Exodus 4:12 NIV
What we say, and how we say it, is really important. We should be building other people up with our words. The Bible says: ‘Therefore encourage one another and build each other up’ (1 Thessalonians 5:11 NIV). There will also be times when we need to confront people. But we need to remember that Jesus spoke with compassion much more often than He spoke with confrontation or condemnation. So, we too should always speak with compassion, grace and love. The Bible tells us that by ‘speaking the truth in love, we will grow to become in every respect the mature body of him who is the head, that is, Christ’ (Ephesians 4:15 NIV). We often need to remember that there are times to speak and times to remain quiet. Our words, however we intend them, won’t always be helpful. We need to pray before we speak into people’s situations. We need to make sure we are speaking helpful, godly things that will not only build up, but bring life to situations which seem broken and dry. When Ezekiel was given the prophetic vision of the dry bones, he was given words to speak into the valley. God could have raised those dry bones in front of Ezekiel without his help. But God gave him the words to say. ‘Then he said to me, “Prophesy to these bones and say to them, ‘Dry bones, hear the word of the LORD! This is what the Sovereign LORD says to these bones: I will make breath enter you, and you will come to life'”‘ (Ezekiel 37:4-5 NIV). God can give us the words to say to bring life, encouragement, and His Spirit into other people’s situations. Are we ready to speak His words?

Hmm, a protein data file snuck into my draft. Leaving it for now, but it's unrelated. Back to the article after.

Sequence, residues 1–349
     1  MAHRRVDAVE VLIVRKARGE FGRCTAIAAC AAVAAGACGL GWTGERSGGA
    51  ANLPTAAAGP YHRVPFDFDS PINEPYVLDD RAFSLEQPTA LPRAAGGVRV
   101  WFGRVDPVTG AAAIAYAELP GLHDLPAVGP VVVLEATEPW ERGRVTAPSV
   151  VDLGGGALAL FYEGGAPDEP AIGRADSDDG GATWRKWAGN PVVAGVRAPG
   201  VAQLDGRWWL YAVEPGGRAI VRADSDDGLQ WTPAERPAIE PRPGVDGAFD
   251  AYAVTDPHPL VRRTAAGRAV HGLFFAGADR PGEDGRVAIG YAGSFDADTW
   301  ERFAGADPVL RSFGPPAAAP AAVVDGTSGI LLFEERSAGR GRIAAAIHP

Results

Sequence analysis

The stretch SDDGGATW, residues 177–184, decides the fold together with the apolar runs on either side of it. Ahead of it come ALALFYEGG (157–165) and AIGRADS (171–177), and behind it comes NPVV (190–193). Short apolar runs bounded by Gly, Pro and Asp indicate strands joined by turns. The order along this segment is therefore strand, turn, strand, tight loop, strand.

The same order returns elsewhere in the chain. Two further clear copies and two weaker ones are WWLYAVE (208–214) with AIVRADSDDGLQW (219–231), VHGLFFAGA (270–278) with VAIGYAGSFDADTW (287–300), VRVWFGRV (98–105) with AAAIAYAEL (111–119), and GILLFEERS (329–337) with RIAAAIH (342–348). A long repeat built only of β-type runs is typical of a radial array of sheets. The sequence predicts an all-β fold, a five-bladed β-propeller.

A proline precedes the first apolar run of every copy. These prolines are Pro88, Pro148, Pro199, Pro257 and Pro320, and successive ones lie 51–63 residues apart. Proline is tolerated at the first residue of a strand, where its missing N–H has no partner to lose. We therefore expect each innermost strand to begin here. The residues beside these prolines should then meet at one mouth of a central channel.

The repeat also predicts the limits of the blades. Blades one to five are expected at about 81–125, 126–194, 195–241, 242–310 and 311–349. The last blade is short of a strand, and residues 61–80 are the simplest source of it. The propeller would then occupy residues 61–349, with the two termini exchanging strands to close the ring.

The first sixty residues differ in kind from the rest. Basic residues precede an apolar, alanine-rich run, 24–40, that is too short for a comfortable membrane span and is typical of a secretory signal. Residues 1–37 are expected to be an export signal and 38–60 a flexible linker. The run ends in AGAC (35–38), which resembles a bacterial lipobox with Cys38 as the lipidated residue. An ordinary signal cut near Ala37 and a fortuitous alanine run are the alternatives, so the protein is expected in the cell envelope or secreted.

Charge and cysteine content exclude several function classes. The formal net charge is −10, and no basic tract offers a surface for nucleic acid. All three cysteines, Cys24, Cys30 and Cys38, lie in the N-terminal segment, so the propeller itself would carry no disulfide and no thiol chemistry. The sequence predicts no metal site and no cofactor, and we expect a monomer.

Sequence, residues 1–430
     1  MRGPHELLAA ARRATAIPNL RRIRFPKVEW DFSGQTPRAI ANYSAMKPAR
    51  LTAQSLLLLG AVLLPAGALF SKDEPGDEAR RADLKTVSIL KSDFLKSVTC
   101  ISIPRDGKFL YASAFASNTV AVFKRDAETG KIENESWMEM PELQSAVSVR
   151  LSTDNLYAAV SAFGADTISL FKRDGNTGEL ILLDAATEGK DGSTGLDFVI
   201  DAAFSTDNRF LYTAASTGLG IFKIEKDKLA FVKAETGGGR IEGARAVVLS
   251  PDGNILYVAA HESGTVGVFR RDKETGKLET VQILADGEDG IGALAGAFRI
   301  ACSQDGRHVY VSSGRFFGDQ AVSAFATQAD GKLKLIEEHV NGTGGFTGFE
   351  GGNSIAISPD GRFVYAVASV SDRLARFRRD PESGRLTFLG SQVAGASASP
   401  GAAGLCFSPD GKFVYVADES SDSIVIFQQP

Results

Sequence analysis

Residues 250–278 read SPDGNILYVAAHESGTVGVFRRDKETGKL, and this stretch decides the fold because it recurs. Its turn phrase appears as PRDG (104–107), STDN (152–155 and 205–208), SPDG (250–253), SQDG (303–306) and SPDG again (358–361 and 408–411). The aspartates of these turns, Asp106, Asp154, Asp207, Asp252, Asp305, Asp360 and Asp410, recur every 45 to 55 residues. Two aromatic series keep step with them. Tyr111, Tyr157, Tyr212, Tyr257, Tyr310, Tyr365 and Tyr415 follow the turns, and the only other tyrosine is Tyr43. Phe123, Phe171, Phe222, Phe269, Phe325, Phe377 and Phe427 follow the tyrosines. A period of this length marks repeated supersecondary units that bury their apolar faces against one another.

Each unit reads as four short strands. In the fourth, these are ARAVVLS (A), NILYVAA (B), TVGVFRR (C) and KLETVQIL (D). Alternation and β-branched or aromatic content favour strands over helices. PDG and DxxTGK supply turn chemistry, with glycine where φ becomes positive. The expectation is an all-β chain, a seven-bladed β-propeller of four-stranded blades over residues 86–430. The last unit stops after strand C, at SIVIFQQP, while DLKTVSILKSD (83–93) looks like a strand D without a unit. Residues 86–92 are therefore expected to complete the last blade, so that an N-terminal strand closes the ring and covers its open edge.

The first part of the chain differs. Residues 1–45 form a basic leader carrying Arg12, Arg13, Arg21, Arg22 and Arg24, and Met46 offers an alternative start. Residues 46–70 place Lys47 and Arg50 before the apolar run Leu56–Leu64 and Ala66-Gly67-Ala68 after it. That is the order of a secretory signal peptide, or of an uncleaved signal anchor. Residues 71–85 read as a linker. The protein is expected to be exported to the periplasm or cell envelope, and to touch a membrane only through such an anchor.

Rom 12-14; Luke 6:1-16; Ps 104:1-23; Prov 3:9-10
Psalm 89:34 NCV
Sometimes we can find ourselves waking up in a cloud of gloom. Nothing in our day goes right, and we can’t seem to feel positive. We don’t want to do the things we have to do, in fact we’d rather just stay under our duvets all day, or just escape the pressures of life by jetting off to another country. But geographical cures don’t work. Escaping doesn’t solve the problem; it just relocates it. Instead, we need to be turning to a source of strength, hope, and encouragement that never fails – the Bible. God says, ‘I will not break my agreement nor change what I have said.’ What we read in the Bible is truth. It’s God’s promises to us that will never fail. It’s full of verses that we can use to help us focus on God rather than how we’re feeling. Here are some examples: ‘When I am in distress, I call to you, because you answer me. (Psalm 86:7 NIV); ‘He sent His word and healed them, and delivered them from their destructions’ (Psalm 107:20 NKJV). ‘I remain confident of this: I will see the goodness of the LORD in the land of the living’ (Psalm 27:13 NIV); ‘I will go in the strength of the Lord GOD’ (Psalm 71:16 NKJV); ‘Cast your cares on the LORD and he will sustain you; he will never let the righteous be shaken’ (Psalm 55:22 NIV); ‘Cast all your anxiety on him because he cares for you’ (1 Peter 5:7 NIV). When we let Scriptures like these fill our minds and our hearts, we can remember our identity in Christ, that we have a God who is there for us every step of the way, and that we have better days to come.